This is a conversation I have been waiting over a year to happen.

To make a successful hybrid of business and personal data and devices segmentation and proper authoritative control is a key element. I give a standing ovation (of one, me at least) to Google for actually starting the development of the key controls in this element that has actually been needed for decades. (yeah, laptops needed it but never got it back in the day) I see this as a core "feature" technology mechanism that will be taken for granted within the next five years.

So what should this really look like from a use-case point of view. I believe that enterprise IT needs the authority and immediate ability to protect the corporate intellectual property (and devices) through the tools of absolute policy control and ability to "scrub" a remote data island, but only for what belongs to the company. The IT department needs these tools to fulfill it's part of the mission in protecting corporate assets while meeting the desires of the social mission in allowing personally owned and customized technology for user convenience. (BYOD is a much abused meaningless catch-phrase, please quit using it)
Creating the built in separation of business and personal gives IT a standardized mechanism that we have have had to customize and crowbar wedge into devices before or just blanket take ownership and responsibility for the entire device.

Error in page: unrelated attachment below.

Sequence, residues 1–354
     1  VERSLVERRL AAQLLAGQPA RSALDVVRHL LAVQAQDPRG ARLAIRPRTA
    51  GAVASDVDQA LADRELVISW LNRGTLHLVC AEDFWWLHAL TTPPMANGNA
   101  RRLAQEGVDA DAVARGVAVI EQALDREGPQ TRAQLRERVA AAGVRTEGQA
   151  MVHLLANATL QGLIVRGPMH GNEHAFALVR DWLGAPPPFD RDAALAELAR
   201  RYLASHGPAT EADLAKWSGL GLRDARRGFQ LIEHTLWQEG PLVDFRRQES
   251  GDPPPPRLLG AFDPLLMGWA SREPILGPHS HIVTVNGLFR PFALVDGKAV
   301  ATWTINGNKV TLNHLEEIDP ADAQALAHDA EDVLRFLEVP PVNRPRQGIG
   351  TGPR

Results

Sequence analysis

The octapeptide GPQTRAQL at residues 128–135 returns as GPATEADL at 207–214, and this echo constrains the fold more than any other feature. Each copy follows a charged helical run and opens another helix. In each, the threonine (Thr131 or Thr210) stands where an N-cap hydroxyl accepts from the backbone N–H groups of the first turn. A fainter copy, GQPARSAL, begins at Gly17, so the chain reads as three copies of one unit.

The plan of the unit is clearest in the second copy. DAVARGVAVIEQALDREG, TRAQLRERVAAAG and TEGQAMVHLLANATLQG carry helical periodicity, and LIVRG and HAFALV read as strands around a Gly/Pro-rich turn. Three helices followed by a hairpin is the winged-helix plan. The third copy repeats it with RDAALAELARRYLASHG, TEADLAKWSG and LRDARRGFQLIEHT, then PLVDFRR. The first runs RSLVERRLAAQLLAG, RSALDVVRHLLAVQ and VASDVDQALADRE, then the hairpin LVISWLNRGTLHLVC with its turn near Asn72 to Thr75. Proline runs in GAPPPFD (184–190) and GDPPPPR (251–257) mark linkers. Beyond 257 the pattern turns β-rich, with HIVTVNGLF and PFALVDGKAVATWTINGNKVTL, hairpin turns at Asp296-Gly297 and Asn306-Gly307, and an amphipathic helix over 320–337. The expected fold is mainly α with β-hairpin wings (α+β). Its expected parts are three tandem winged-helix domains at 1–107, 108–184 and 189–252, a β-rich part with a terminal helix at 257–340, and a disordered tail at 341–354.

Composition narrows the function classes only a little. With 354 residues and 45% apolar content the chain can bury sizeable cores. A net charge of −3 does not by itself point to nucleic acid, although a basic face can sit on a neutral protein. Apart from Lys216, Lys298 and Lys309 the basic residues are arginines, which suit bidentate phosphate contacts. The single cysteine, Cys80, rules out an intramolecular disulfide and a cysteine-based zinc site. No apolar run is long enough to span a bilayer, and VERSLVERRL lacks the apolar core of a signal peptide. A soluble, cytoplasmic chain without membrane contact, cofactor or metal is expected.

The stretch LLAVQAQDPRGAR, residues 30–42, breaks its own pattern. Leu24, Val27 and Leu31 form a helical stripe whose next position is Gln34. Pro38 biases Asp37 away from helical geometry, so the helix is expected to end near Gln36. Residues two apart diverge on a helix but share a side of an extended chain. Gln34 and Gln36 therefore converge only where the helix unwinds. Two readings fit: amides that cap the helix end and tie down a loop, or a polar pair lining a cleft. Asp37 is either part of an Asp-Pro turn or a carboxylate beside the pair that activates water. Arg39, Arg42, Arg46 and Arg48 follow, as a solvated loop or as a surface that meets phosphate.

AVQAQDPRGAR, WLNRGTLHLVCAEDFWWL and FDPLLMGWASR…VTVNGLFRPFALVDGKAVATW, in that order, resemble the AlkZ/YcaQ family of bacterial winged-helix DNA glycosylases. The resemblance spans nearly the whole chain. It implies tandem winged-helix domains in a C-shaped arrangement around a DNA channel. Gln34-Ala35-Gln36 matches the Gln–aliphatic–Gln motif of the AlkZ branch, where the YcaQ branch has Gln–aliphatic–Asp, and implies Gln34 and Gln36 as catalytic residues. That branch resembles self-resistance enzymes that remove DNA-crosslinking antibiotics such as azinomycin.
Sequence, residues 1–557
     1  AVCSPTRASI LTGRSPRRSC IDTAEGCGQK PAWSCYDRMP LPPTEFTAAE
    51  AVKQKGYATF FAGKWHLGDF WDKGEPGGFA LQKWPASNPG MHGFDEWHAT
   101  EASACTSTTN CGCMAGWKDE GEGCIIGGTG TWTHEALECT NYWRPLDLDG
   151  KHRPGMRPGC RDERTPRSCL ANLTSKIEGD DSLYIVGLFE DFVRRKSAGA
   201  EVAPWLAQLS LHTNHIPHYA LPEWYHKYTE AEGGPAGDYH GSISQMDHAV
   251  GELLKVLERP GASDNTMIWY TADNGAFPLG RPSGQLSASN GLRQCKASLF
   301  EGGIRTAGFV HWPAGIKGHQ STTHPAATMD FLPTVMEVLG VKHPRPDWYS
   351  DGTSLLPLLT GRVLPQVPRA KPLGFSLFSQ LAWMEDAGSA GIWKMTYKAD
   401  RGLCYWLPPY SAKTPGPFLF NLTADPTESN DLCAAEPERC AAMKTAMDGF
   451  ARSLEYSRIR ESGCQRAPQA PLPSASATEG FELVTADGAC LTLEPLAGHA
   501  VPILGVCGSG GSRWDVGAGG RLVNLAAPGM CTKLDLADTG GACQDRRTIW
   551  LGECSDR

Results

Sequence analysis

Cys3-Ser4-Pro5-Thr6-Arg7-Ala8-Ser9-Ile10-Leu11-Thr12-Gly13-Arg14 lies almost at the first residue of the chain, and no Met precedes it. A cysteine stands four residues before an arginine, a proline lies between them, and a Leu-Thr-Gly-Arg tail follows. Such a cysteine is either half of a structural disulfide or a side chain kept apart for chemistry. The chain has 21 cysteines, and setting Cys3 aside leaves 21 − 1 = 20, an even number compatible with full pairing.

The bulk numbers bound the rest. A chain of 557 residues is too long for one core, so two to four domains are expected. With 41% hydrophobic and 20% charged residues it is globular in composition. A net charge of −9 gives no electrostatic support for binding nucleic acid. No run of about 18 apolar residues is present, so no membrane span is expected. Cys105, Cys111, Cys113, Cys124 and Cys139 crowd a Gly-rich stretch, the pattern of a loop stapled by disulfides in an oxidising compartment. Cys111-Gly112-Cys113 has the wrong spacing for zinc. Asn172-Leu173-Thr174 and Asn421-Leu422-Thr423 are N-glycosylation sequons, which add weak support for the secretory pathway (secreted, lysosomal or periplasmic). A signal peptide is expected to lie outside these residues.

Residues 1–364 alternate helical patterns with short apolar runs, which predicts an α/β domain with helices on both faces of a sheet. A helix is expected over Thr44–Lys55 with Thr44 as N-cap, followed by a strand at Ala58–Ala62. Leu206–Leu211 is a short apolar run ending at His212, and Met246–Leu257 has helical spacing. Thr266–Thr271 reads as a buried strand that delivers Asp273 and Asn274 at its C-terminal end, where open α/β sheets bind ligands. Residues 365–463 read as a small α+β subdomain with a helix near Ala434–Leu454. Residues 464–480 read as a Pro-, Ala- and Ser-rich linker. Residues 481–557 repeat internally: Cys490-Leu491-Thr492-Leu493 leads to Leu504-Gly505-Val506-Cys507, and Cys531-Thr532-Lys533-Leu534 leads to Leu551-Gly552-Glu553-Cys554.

So why is Blackberry upset? They have reliability issues due to the design of having everything go through their data-center. This channel has failed more than once. Lesson learned, single point of failure bad. The android mechanism provides a mechanism to "privatize" the key data synchronization into each enterprise's IT department or spread out the load across the massive Google data center architecture. This means much lower risk as a platform, and lower isolated failures (if a company has a server go down, no one else's businesses are affected) Versus, Every single hand-held in the market experiencing an outage of sync data because Blackberry data service centers are getting DDOS attacks.
 Yet if I was Blackberry, I would be nervous too; but rather than whining, I would look to learn from Google and build upon it.
User Rank: Ninja
6/29/2014 | 3:50:58 PM
Re: Tears of lost glory

to add to your comment, I think that fact that BB is lashing out at Google is evidence enough that they know they're in trouble. In the past they dominated there aspect of the industry, and now the only piece of the pie they have left, there are companies trying to get there hands on it's of no surprise that Google is trying to gain traction in the enterprise.


I also agree that BB is one of those companies that'll be remember for it's successes and failures.
User Rank: Apprentice
6/29/2014 | 11:52:11 AM
Managin BYOD
The BYOD concept can be intimidating for IT staff, but there are strategies to minimize security risks and device management headaches.  HTML5 technologies can allow users to connect to applications and systems without requiring IT staff to install anything on user devices. For example, Ericom AccessNow is an HTML5 RDP client that enables remote users to securely connect from iPads, iPhones and Android devices to any RDP host, including Terminal Server and VDI virtual desktops, and run their applications and desktops in a browser. This enhances security by keeping applications and data separate from personal devices.